Say Goodbye to Windows Defender (getting renamed)

I apologize for the rather “clickbaity” title; come Windows 10 20H1, Windows Defender will no longer be a thing in the Windows 10 operating system as Microsoft will rename the tool to Microsoft Defender. So, instead of using Windows Defender or disabling it, users and administrators will use or disable Microsoft Defender instead.

Windows Defender Exploit Guard, the native EMET derivative, will receive the same treatment as it will be known as Microsoft Defender Exploit Guard in 2020.

It is unclear if previous versions of Windows, Windows 8.1 will be the last version left standing after the end of support of Windows 7 in January 2020, will receive the same treatment.

windows defender

The most recent build of Windows 10 version 20H1, the first feature update build of 2020 and the first major update since Windows 10 version 1903 1905, comes with the changed names already.

If you check the Group Policy entries for the security tool or the Settings application, you will notice the change right away.

If you run that preview build, you may also notice that some tools or features have not been renamed. Windows Defender Smartscreen is still called that, and so is Windows Defender Applications Guard. Whether that is going to remain or changed in upcoming preview builds remains to be seen.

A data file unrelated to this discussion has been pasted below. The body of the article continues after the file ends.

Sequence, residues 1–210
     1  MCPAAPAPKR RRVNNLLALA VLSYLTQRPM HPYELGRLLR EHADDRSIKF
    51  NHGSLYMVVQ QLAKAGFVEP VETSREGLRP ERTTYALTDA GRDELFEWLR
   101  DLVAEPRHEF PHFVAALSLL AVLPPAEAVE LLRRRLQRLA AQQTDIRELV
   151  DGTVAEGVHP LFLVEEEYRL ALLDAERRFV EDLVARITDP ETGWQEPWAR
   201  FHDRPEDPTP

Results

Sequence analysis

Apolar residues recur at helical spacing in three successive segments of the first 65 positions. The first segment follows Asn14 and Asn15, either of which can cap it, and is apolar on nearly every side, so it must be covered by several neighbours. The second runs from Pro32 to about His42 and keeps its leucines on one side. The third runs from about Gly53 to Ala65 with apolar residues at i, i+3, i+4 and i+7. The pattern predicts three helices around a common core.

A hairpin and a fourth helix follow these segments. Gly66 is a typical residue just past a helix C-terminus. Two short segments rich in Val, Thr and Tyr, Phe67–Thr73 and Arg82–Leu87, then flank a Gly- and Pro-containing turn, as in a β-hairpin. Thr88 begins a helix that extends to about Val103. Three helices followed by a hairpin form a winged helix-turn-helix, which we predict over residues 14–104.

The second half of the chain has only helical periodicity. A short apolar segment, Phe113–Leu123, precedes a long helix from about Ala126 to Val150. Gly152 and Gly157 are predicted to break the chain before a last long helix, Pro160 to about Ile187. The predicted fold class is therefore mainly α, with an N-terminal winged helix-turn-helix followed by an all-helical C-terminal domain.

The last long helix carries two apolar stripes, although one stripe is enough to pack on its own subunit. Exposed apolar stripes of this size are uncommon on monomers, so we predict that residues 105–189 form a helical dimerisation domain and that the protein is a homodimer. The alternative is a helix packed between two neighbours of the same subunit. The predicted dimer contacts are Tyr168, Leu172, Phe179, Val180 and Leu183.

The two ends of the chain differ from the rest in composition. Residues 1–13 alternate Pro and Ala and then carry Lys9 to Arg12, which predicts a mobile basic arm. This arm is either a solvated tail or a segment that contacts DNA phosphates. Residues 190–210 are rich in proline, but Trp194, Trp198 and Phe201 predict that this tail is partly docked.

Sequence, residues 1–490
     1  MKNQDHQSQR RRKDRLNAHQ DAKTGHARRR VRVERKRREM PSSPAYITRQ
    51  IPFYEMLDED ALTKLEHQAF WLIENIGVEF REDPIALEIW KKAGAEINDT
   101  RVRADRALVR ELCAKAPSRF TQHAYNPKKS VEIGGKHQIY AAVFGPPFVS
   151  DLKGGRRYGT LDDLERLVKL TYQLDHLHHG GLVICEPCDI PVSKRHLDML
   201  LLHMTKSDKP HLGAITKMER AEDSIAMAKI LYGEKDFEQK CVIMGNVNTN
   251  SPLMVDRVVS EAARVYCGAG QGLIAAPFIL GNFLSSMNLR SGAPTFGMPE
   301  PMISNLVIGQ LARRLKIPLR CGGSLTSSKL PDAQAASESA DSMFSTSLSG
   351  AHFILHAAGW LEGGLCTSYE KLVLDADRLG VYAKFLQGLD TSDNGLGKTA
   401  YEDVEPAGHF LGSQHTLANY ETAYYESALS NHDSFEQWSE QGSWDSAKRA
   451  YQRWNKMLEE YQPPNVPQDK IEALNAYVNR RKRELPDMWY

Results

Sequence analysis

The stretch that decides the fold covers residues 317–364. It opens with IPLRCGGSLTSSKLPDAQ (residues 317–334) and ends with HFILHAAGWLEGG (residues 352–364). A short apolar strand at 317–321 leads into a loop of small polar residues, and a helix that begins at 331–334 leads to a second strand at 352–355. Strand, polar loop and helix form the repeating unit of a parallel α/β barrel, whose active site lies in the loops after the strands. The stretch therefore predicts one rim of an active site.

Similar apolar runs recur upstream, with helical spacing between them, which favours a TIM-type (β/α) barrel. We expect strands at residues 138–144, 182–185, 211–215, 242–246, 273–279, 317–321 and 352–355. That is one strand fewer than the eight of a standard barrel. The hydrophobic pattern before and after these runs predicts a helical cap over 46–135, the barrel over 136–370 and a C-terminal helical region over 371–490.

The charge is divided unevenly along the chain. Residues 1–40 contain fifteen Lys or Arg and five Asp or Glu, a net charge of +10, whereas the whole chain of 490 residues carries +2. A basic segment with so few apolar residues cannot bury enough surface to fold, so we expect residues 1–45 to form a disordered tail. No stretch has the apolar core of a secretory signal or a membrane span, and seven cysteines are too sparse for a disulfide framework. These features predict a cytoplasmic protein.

One question has not been answered yet: why is Microsoft making the change? A likely explanation, and our colleagues over at Deskmodder seem to agree, is that Microsoft wants to use the Microsoft name for services and tools that are available on multiple platforms, and the Windows name if a service or tool is only available on Windows.

  • Microsoft — used for cross-platform products.
  • Windows — used for Windows-specific products.

It is quite possible that Microsoft wants to bring Microsoft Defender or services related to the security tool to other platforms, and that it made the name change because of that.

Microsoft launched Windows Defender ATP back in 2017 for various platforms including Linux, Mac OS X, iOS and Android, and has renamed the service in the meantime to Microsoft Defender ATP (Advanced Threat Protection).

Now You: Too many name changes or changes that make sense, what is your take?

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